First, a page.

If the human and economic impacts of the epidemic of physician burnout are not enough to motivate systemic change, then perhaps the impact on patients will focus minds. Emerging evidence supports an increasingly robust link between physician burnout and medical error. Burned out doctors seem to make more mistakes, patients get harmed, and everyone loses. This article explores the evidence between physician burnout and medical error, and the impact on patients.
Medical error is the 3rd leading cause of death in the US after heart disease and cancer, according to a report in BMJ. These shocking statistics are more so, given that medical care is intended to reduce risk of death. There is also growing evidence that physician burnout may impact patient safety, possibly by contributing to medical errors, which are responsible for an estimated 100,000 – 200,000 deaths in US hospitals every year.
A 2016 meta-analysis confirmed that poor physician wellbeing and moderate to high levels of burnout were associated with poor patient safety outcomes such as medical errors, however, a lack of prospective studies reduced the ability to determine causality.
A recent study by Daniel Tawfik MD and colleagues surveyed 6,695 U.S. doctors on whether they experienced symptoms of burnout or fatigue or suicidal thoughts, and whether they had made any major medical errors in the previous three months. The demographics and specialties of physicians in the survey were considered representative of the general U.S. physician population.
Overall, 10.5 percent of study participants reported having made a major medical error recently, including errors in judgment, a mistaken diagnosis, or a technical error. Fifty-five percent of the errors did not affect patient outcomes, however, some 5.3 percent led to permanent health problems and 4.5 percent to a patient’s death.
Seventy-eight percent of the doctors who reported errors had symptoms of burnout, compared to 52% of those who did not report errors. The physicians who made mistakes were also more likely to have high levels of fatigue (78 percent vs. 52 percent), and to have had recent suicidal thoughts (13 percent vs. 6 percent). The relationship between physician burnout and medical errors was very strong even after the researchers adjusted for work unit safety grades.
Physicians with burnout had more than twice the odds of self-reported medical error, after adjusting for specialty, work hours, fatigue, and “work unit safety rating”. Low safety grades in work units were associated with three to four times the odds of medical error, so safety grades are an essential area to address – as we said this is a systemic issue.
According to Tawfik and his colleagues, the observed association between burnout and errors is not limited to individuals at the extremes of the burnout spectrum; rather, it shows a continuum: Institutions tend to focus on what proportion of physicians are ‘burned out’, however, this study suggests that improving physician well-being can help prevent errors even if they are not burned out.
While the Tawfik study above does not confirm directionality, the relationship is likely to be bidirectional according to the authors.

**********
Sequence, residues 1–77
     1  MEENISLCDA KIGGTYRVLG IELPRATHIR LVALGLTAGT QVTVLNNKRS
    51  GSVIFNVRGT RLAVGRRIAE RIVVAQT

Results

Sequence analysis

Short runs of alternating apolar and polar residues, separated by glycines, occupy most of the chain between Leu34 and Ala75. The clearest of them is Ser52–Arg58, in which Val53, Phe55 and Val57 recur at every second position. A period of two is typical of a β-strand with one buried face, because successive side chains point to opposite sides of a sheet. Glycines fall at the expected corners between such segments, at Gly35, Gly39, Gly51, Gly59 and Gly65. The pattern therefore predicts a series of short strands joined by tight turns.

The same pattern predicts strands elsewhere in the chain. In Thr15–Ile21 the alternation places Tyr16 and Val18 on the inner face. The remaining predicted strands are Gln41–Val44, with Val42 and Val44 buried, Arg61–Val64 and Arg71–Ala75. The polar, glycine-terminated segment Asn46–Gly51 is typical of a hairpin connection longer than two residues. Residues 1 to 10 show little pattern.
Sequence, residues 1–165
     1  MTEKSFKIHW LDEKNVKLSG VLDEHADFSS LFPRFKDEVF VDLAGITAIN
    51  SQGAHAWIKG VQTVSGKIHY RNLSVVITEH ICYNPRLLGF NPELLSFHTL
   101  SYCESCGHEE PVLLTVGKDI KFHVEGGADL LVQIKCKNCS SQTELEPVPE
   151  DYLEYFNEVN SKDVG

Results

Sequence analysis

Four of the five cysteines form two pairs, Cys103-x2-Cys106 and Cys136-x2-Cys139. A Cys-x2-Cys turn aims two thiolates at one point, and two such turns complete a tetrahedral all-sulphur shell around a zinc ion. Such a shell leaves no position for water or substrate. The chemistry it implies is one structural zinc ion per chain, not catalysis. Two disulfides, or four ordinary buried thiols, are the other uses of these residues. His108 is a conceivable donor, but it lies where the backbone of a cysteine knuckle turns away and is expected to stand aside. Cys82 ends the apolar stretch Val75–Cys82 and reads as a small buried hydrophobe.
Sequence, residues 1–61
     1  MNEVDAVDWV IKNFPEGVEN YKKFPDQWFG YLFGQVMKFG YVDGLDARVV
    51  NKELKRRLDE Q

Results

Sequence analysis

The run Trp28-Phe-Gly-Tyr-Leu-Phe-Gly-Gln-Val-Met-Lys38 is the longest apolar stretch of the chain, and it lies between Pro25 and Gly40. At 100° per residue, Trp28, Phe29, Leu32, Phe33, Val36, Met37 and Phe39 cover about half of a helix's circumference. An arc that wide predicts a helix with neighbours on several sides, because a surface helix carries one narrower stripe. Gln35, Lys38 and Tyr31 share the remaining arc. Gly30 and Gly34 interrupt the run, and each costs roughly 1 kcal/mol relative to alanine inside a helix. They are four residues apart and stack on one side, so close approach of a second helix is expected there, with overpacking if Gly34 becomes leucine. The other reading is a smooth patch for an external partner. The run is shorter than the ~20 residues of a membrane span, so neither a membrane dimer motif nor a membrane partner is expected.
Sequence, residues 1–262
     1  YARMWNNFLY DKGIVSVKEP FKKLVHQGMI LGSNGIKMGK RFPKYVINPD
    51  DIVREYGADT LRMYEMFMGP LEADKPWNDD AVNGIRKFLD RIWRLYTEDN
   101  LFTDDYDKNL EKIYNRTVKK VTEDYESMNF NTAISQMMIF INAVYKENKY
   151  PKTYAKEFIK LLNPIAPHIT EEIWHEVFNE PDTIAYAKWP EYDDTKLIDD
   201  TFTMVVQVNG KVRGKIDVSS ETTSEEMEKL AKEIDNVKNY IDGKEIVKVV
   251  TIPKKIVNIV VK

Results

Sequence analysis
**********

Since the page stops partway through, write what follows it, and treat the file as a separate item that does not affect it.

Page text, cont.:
An earlier study found that healthcare staff involved in a patient safety incident could become a “second victim”. This survey of nurses and physicians found that staff experience significant negative outcomes in the aftermath of a patient safety incident.
These outcomes included more than twice the odds of burnout, nearly twice the risk of problematic medication use, as well as more turnover intentions. Where the incident resulted in harm to the patient, these odds increased further.
The Tawfik et al study (above) does however give us hope: just a 1 point decrease on the 30 to 55-point burnout severity scale was linked to fewer reported medical errors.
This implies that lower levels of burnout severity are associated with fewer medical errors, hence better patient safety. While the study does not prove causality like a prospective trial might (imagine the ethics application on that study…) it makes intuitive sense: happier, healthier doctors make fewer mistakes, and everyone benefits.
Physician burnout and medical error are indeed systemic, complex, and entrenched problems, as we have previously published in Sick physicians – sick system. Yet just reducing hours worked will not necessarily solve burnout or indeed medical error.
Moreover, there are barriers to sick doctors getting help, as we wrote about in Why don’t struggling physicians seek help?
Furthermore, health care workers who feel they need time away worry deeply about how that will be perceived. Will it affect their ability to remain employed and be perceived as productive and competent? Will it affect their careers or license to practice?
While fear is a key barrier to reaching out, denial is a high and sometimes impenetrable wall. The burned-out physicians who are a real liability are the ones in denial. These colleagues (myself included) are physicians who harm more than just themselves.
There is an undeniable link between physician burnout and medical error sometimes resulting in harm to patients, or even death.
Addressing and reducing physician burnout is not just an economic imperative, it is an ethical and moral obligation, because of the impact on both patients and physicians. Reducing burnout is a win-win.
One way to overcome barriers to getting help is anonymity: hence Physicians Anonymous has set up safe, confidential, physician-only peer-support groups.
We trust that these groups will allow suffering and struggling doctors to support each other in safe spaces, as brothers and sisters in the medical family. By creating happier, healthier doctors, everyone’s a winner.